Your statement that Hasek would not have dominated in the 1980s is completely and demonstrably false. Hasek thrived when faced with plenty of scoring chances. For example, in 1995-96 the Buffalo Sabres were so bad they missed the playoffs and gave up over 35 shots against per game. Hasek still led the league in save percentage. He was also twice named the best goalie at world championships in the 1980s. Hasek has the most dominant prime of any goalie in history, and he has the best performance statistics of any goalie ever, even when adjusting for era. You can make a very good argument that he is the greatest of all time, so I very strongly doubt that he would have been "murdered" in the '80s, or any other era for that matter.

Anonymous said...

Again why dont u compare the canada cup stats of 1987 and what i put up for you. And howcome wayne gretzky the greatest player ever didnt win any cups when he wasnt with the oilers. He had one good season with the kings when they went to the finals and thats it. He had guys like nicholls, robitallie, sandstrom coffey granato kudelski he had some pretty good goals scorers. Kelly hrudey besides a few good seasons was crap for most of his career. I mean whats gretzky's record with out edmonton?
And going back to the canada cup 87 look at the stats heck even look at the games fuhr totally outplayed every goalie in that tournament including hasek. And u said about 35 shots a game in the 95-96 season that still far fetched from the early to mid 80's. The devils won the cup the year before with that neutral zone trap. And again hasek would get murdered in the 80's because theres no clutch and grab back then and if he would lie down they would have way more time to lift it over him. When hasek was dominant he would lie down the defencement would be bearing in on him and he would shoot it into hasek because he had no time. Look at the goals hasek let go by him in the canada cup. Hasek is smart i wouldnt say he has the best skills but hes really bright he knew how to play with what he had in the dead scoring era in the nhl.
And about roy's 3 conn smythes your telling me fuhr couldnt of won a conn smythe? If gretzky and messier were on roy's team would roy win any conn smythe's? Theres no way in hell. Fuhr 5-2 game 7's Roy is 6-7. And if steve smith didnt back it in off his skate no way habs would of beat the oilers in 86. Fuhr has 2 canada cups roy has 0 and gretzky was on the canada team in 98 even though he was past his prime. Look at the roster of the 98 canada team thats as good as any team ever assembled, fuck after they lost to czecks they lost to sweden rigth after. Also about fuhr only bein a few years ahead of hasek age wise and him retiring 7 years ago hasek has never had 7 to 8 knee surgeries or im sure he would of retired long time ago as well.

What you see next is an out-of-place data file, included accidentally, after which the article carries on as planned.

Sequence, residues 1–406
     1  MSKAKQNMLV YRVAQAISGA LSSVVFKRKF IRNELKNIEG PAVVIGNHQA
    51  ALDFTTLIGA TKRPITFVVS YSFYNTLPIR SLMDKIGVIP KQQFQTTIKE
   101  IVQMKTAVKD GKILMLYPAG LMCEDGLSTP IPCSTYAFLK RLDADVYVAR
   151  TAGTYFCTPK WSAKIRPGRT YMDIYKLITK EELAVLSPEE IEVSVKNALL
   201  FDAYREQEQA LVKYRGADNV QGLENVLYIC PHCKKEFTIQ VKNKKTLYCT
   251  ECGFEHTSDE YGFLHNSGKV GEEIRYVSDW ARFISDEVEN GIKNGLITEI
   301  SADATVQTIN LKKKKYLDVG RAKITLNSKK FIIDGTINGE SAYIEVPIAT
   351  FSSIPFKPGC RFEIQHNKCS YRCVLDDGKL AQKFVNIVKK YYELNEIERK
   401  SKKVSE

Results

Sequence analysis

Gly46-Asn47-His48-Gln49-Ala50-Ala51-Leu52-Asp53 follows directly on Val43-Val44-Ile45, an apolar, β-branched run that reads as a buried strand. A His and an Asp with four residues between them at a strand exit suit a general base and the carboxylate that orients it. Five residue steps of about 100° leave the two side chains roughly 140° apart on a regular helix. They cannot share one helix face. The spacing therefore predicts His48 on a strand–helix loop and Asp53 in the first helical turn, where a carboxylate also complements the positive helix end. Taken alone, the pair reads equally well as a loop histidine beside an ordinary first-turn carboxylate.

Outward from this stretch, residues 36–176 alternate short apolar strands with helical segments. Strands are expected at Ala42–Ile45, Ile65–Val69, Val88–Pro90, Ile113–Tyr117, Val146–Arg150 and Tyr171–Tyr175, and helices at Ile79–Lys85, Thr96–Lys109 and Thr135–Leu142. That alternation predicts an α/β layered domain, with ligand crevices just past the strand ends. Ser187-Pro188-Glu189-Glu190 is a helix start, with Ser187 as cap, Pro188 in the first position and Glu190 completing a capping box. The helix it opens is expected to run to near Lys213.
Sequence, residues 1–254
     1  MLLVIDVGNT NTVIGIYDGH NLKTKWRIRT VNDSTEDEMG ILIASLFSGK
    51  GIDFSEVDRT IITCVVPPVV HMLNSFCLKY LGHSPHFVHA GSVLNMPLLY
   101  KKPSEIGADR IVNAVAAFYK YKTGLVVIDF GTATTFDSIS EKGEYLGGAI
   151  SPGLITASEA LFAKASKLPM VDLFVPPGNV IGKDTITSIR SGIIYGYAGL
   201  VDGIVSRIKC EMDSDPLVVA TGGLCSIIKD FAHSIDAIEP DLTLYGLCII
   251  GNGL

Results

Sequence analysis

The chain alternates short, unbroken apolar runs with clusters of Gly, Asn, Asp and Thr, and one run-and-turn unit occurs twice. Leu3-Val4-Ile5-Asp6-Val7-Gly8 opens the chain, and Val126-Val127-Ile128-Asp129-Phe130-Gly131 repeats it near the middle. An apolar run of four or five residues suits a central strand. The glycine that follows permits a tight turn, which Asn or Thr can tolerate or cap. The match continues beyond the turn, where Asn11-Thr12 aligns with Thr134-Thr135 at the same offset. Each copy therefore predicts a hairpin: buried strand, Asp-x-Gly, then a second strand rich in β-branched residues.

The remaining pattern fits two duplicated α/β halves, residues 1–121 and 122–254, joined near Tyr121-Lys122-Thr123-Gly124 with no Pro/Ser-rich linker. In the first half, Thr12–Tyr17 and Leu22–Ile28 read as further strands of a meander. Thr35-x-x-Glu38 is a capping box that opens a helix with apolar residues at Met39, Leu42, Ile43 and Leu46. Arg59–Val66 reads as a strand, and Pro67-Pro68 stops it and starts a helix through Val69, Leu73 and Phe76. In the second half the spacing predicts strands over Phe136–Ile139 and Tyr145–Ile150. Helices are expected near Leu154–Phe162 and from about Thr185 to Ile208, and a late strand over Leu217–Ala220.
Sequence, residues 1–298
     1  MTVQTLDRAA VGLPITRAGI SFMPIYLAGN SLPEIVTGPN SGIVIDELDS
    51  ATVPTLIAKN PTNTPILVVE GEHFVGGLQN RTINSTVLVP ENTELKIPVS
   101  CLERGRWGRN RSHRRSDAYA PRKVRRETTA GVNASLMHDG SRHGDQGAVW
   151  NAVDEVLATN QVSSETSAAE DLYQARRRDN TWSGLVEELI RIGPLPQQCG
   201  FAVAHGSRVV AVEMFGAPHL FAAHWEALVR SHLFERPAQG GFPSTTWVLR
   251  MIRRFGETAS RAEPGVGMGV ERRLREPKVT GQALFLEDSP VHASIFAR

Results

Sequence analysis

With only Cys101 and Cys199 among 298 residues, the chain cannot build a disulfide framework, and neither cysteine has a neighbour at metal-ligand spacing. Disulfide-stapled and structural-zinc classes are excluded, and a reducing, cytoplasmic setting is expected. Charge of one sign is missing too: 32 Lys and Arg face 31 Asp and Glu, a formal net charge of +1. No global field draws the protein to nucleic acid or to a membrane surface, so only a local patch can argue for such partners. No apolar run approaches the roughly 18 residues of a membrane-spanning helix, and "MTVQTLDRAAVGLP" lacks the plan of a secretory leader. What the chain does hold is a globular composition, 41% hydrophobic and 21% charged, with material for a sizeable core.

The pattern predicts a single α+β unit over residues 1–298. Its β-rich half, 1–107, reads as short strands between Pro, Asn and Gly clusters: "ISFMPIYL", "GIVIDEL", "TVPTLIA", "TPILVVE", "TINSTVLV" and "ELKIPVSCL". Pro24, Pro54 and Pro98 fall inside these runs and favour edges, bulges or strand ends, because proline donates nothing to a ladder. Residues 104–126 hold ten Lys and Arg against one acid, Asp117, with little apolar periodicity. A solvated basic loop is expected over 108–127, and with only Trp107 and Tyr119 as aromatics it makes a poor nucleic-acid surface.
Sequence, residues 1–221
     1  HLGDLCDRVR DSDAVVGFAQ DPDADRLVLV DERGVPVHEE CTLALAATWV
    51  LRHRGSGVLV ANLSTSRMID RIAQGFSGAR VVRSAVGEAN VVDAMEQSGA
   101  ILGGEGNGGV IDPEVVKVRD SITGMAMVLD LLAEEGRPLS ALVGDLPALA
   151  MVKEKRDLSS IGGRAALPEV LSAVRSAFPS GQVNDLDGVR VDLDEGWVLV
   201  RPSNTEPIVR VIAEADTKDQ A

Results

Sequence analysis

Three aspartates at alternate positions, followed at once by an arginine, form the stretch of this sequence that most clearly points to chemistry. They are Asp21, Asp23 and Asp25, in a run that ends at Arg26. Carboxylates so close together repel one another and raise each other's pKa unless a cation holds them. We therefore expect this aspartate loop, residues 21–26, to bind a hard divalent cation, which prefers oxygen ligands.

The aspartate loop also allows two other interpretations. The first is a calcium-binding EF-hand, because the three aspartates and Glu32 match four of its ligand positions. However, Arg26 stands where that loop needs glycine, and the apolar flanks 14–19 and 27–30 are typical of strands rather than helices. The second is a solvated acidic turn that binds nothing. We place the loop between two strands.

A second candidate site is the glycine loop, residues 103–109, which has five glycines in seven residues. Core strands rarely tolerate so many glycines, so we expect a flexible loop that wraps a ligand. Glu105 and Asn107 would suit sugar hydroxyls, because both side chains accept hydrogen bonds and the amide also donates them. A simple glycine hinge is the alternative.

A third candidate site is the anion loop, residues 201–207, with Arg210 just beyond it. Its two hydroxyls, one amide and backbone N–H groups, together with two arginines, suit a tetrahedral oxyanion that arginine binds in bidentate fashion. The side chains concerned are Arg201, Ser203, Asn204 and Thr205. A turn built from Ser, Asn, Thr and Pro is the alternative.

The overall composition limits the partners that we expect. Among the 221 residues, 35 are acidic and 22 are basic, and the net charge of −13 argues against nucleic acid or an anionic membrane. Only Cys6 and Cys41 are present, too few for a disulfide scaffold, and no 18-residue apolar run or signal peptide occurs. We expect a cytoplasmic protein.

About the two mediocre goalies and fuhr being the backup moog i never liked him but he could play good here and there but bill ranford in the 1990 stanly cup was as good as goaltending i ever seen in the finals especially against the bruins. Sure he was a mediocre goalie through out his career but that playoff he had goes down in nhl history as one of the best performances by a goalie. The guy won the conn smythe and deservedly so what more do u want.
Again let me put up the canada cup 87 stats for you and howcome hasek played so poorly?

87 canada cup
fuhr 9gp 6 w's 1 loss and 2 ties gaa 3.34 - including 3 6-5 games against the russians.
Hasek 6gp 2 w's 3 loss 3.33 gaa.
Save percentage
fuhr 893
hasek 894
total shots hasek in 6 games 189
total shots fuhr in 9 games 318
fuhr played 3 more games and had nearly 120 more shots the hasek. Thats 40 shots a game and the numbers are similar. No other goalie in the tournament even had 2oo shots. You said fuhr never won without gretzky but u can also say gretzky never won without fuhr either besides the one cup run in 93 before that and after that how close did he really get?